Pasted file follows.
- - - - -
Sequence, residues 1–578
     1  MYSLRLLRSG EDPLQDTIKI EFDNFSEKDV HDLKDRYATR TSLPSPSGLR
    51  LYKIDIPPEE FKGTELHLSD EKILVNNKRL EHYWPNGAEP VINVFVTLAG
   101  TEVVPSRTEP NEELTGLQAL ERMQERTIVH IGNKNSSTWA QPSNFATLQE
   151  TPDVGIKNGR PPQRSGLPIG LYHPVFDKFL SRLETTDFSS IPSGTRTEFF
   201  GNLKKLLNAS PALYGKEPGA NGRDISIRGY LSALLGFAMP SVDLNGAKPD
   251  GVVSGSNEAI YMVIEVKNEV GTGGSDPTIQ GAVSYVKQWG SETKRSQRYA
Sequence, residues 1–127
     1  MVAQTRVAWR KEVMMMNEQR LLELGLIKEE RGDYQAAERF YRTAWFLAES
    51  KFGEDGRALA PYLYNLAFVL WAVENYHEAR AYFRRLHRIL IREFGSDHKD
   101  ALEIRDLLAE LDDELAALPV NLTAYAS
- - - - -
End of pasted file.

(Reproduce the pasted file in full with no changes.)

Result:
Sequence, residues 1–578
     1  MYSLRLLRSG EDPLQDTIKI EFDNFSEKDV HDLKDRYATR TSLPSPSGLR
    51  LYKIDIPPEE FKGTELHLSD EKILVNNKRL EHYWPNGAEP VINVFVTLAG
   101  TEVVPSRTEP NEELTGLQAL ERMQERTIVH IGNKNSSTWA QPSNFATLQE
   151  TPDVGIKNGR PPQRSGLPIG LYHPVFDKFL SRLETTDFSS IPSGTRTEFF
   201  GNLKKLLNAS PALYGKEPGA NGRDISIRGY LSALLGFAMP SVDLNGAKPD
   251  GVVSGSNEAI YMVIEVKNEV GTGGSDPTIQ GAVSYVKQWG SETKRSQRYA
Sequence, residues 1–127
     1  MVAQTRVAWR KEVMMMNEQR LLELGLIKEE RGDYQAAERF YRTAWFLAES
    51  KFGEDGRALA PYLYNLAFVL WAVENYHEAR AYFRRLHRIL IREFGSDHKD
   101  ALEIRDLLAE LDDELAALPV NLTAYAS